Other applications, such as, seeder lasers, LIDAR, optical heterodyne systems, nonlinear frequency conversion, coherent satellite communication, and distributed sensing require a robust 1 μm single frequency narrow linewidth fiber laser with output powers of at least 2 mW, preferably more than 20 mW. A 1 μm wavelength is required to match the gain energy level of the widely used Nd:YAG laser crystal at 1.064 μm. Single-frequency operation with a linewidth less than 10 kHz provides both the resolution and long coherence needed by these applications. The 1 μm laser should have sufficient output power without the need for a booster amplifier in order to maintain the high signal to noise ratio.

Current 1 μm single frequency narrow linewidth lasers are generated from solid state lasers using non-planar ring oscillators (NPROs) technology. U.S. Pat. No. 4,578,793 to Kane and U.S. Pat. No. 5,043,996 describe solid state monolithic nonplanar ring oscillators which can operate as unidirectional single-frequency lasers in the presence of a sufficiently strong magnetic field.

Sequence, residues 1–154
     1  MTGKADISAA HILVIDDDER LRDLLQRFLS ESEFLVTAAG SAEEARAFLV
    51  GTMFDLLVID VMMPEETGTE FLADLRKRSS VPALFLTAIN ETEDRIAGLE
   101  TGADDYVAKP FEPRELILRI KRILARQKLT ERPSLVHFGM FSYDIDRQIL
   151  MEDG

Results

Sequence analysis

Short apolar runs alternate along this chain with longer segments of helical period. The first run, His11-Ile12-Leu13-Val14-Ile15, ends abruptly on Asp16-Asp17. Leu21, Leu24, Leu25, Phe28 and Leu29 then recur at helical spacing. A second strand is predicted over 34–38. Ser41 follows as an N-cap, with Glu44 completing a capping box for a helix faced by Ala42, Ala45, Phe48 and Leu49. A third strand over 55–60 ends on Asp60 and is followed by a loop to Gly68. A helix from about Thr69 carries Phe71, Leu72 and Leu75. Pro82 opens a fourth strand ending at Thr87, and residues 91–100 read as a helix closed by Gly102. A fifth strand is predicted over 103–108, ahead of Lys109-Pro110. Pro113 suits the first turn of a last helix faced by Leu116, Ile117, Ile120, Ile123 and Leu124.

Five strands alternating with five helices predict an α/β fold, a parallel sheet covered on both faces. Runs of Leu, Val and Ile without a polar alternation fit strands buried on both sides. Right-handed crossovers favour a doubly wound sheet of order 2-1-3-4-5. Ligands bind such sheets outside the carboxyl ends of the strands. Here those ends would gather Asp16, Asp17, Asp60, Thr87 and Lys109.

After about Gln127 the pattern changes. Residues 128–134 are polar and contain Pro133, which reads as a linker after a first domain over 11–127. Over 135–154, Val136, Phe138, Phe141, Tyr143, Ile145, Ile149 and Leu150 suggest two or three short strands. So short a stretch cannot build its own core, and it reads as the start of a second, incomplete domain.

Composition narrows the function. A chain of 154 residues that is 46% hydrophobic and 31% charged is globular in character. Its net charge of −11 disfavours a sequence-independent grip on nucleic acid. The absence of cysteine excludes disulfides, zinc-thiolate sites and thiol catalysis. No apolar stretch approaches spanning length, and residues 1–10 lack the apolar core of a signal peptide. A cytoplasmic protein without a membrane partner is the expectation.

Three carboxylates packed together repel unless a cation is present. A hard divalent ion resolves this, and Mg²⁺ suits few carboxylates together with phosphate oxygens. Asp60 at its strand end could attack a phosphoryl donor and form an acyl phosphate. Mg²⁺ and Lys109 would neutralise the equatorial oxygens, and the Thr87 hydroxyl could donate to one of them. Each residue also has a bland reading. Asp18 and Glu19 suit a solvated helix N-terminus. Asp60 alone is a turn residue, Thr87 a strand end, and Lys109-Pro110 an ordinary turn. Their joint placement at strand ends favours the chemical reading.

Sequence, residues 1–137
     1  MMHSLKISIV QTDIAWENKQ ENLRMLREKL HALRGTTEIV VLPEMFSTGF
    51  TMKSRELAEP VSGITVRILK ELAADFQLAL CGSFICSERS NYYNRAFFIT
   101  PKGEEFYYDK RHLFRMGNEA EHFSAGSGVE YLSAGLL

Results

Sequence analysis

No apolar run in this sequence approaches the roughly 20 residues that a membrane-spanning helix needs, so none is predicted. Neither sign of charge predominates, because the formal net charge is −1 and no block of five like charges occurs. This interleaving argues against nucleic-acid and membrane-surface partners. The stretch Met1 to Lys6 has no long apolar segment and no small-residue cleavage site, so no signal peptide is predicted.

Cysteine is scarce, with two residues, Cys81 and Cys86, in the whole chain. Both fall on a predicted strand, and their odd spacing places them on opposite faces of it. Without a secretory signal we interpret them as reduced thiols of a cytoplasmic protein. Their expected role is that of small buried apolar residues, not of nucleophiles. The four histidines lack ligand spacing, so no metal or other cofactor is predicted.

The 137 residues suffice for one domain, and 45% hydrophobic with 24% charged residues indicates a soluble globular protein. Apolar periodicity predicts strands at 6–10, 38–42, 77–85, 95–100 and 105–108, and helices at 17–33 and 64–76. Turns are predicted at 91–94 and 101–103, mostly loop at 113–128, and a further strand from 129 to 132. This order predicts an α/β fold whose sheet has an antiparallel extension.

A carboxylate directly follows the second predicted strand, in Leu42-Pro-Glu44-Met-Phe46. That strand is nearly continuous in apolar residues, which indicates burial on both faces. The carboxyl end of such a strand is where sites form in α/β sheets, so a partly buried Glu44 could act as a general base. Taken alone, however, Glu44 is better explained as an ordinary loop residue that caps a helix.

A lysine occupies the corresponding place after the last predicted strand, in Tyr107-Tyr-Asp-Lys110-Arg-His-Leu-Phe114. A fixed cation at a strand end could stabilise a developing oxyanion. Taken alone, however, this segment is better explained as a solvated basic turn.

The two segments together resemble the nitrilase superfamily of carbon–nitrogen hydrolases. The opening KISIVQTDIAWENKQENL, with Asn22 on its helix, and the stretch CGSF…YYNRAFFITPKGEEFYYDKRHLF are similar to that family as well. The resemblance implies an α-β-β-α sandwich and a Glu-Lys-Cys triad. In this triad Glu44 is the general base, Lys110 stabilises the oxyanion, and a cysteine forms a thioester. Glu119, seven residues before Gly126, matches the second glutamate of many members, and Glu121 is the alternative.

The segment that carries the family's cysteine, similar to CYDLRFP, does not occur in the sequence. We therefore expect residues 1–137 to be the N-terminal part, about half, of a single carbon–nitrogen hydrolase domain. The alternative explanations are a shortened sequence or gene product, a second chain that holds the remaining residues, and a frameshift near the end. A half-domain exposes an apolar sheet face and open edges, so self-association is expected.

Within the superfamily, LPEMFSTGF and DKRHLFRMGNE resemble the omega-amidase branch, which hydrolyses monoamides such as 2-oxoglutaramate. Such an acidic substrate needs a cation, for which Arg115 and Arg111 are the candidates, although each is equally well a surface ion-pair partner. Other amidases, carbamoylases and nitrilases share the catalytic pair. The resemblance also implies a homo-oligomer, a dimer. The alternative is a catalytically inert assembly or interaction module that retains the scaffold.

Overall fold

Current 1 μm fiber laser technology does not support such performance. Efficient single transverse mode 1 μm ytterbium silica fiber lasers are described by J. R. Armitage et al Electronics Letters, Vol. 25, No. 5, 1989, pp. 298–299 and H. M. Pask et al Electronics Letters, Vol 30, No. 11, 1994, pp. 863–864. M. Auerbach et al Optics Communications, 195(2001) pp. 437–441 reported a 1.6W 1 μm ytterbium fiber laser with a spectral line width of 600 MHz from a double-clad silica fiber. 0.5 mW Single-frequency 1 μm ytterbium-doped silica fiber laser was achieved using 1.5 to 10 m long silica fiber stabilized by spatial hole burning by R. Paschotta et al Optic Letters Vol. 22, No. 1, pp. 40–42. U.S. Pat. No. 5,710,786 describes a 1 μm pump source for pumping ionized praseodymium for amplification of signals in the 1280 to 1340 nm range. The pump source uses a silica-based glass double-clad optical fibre doped with triply ionized rare-earth ytterbium ions and fibre gratings formed therein. To efficiently pump the praseodymium, the pump source output has a single spatial (transverse) mode at the laser wavelength of 1012 to 1022 nm. U.S. Pat. No. 5,991,314 to Ionov et al describes cladding pumped ytterbium fiber laser for pumping erbium doped fiber amplifiers. All these ytterbium fiber lasers were demonstrated in silica fibers.